In Albernaz v. United States, 450 U.S. 333 (1981), the Supreme Court considered whether sentences for conspiracy to import marijuana and conspiracy to distribute marijuana were permitted under the required evidence test. Id. at 335.
Petitioners received consecutive sentences under each statutory provision, with the total sentence exceeding the maximum that could have been imposed under either conspiracy to import or conspiracy to distribute. Id.
As an initial matter, the Court reviewed the Blockburger test, labeling it a "rule of statutory construction . . . to be used to determine whether Congress has in a given situation provided that two statutory offenses may be punished cumulatively." Id. at 337 (internal quotations omitted). The Court explained:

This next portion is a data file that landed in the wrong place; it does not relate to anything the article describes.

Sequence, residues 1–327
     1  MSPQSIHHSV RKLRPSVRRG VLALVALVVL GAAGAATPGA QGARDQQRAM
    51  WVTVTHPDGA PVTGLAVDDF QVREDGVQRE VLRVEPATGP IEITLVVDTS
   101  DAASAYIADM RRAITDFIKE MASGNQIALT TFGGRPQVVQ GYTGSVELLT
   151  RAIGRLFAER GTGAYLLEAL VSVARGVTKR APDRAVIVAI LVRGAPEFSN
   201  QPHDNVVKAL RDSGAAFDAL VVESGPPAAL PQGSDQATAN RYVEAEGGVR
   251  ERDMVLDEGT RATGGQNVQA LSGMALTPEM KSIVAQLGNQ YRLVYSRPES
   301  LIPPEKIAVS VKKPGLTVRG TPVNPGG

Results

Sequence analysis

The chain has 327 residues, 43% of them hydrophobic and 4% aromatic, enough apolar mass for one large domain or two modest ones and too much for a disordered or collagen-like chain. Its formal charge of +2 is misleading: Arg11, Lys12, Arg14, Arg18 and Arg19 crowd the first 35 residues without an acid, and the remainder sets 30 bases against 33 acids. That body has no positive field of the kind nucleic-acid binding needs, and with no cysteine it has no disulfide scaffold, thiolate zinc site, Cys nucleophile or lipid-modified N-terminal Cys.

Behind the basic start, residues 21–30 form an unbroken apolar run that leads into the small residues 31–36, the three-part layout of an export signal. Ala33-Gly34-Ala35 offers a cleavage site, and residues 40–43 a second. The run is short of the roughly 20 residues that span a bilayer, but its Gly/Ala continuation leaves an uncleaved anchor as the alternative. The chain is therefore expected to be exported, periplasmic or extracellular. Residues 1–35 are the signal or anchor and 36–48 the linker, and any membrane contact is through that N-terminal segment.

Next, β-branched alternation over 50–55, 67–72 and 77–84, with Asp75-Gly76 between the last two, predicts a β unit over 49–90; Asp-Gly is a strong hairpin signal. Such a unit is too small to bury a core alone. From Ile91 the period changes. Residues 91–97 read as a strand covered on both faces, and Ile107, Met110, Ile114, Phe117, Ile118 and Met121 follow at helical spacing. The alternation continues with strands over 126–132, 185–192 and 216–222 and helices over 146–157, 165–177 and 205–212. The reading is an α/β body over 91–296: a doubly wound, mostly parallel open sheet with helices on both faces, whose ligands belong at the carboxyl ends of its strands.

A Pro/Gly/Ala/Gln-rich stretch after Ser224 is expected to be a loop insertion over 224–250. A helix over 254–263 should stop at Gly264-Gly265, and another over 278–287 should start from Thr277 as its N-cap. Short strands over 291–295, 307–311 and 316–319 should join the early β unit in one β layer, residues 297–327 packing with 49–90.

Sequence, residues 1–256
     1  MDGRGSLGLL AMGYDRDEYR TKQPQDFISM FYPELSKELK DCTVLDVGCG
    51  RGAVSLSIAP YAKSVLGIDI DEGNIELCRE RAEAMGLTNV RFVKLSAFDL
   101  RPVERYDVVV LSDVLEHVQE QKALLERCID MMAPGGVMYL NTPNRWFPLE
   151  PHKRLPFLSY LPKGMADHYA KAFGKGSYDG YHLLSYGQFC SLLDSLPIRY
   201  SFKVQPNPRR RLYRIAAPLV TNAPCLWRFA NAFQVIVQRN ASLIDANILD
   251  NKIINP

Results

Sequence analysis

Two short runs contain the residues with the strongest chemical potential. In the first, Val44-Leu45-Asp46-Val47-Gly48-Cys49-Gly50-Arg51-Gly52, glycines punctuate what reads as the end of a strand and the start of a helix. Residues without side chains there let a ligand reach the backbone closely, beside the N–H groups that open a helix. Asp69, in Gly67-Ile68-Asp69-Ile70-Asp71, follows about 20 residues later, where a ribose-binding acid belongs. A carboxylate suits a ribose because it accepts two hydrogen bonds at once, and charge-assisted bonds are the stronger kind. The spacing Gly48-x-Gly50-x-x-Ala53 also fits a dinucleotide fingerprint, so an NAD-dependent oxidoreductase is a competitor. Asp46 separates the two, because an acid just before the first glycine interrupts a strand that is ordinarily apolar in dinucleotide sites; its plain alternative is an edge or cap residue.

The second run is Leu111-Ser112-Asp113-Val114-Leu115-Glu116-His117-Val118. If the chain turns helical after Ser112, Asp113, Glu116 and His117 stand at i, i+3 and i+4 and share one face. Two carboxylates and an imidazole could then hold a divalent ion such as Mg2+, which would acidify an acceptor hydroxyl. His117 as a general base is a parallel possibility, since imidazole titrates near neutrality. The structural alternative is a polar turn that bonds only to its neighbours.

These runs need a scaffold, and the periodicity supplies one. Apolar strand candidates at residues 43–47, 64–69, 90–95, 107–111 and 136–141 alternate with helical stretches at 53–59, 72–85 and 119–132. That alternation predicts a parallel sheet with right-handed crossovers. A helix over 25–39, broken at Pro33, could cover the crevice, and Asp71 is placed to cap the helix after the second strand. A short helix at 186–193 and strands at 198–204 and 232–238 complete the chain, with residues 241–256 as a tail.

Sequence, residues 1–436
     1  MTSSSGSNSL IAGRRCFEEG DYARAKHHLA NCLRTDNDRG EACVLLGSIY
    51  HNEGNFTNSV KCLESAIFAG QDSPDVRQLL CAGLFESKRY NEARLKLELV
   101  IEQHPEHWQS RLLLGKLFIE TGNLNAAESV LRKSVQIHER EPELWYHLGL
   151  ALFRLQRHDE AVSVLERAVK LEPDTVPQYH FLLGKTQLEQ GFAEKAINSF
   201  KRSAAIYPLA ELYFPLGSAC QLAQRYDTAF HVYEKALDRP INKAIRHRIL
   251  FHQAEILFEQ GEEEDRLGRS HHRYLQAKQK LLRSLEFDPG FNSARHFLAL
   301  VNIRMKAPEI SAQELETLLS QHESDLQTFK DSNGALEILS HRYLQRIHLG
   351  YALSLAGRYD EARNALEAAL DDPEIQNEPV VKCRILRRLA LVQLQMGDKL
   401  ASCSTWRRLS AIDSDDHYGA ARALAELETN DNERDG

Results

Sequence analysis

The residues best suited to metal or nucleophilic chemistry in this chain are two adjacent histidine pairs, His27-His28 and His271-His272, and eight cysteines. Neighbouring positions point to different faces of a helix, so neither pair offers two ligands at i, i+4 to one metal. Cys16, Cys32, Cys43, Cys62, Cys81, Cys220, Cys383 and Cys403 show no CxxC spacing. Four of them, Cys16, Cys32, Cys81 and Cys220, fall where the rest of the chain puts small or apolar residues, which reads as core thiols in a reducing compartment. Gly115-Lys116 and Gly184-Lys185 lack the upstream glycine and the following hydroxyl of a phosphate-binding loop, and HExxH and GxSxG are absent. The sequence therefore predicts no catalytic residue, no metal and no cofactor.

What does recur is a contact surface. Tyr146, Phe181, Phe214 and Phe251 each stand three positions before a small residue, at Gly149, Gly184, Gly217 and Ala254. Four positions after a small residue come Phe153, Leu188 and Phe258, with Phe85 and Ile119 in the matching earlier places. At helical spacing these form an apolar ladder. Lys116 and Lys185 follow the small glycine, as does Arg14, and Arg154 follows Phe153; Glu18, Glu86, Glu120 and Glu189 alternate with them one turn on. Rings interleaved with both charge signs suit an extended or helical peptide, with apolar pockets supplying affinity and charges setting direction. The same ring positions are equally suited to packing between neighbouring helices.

Thus, the question of what punishments are constitutionally permissible is not different from the question of what punishments the Legislative Branch intended to be imposed. Where Congress intended, as it did here, to impose multiple punishments, imposition of such sentences does not violate the Constitution. Id. at 344.
The Court then proceeded to affirm the sentences of the petitioners, determining that the required evidence test was superceded by the fact that "Congress intended to permit the imposition of consecutive sentences for violations of § 846 and § 963." Id. at 343.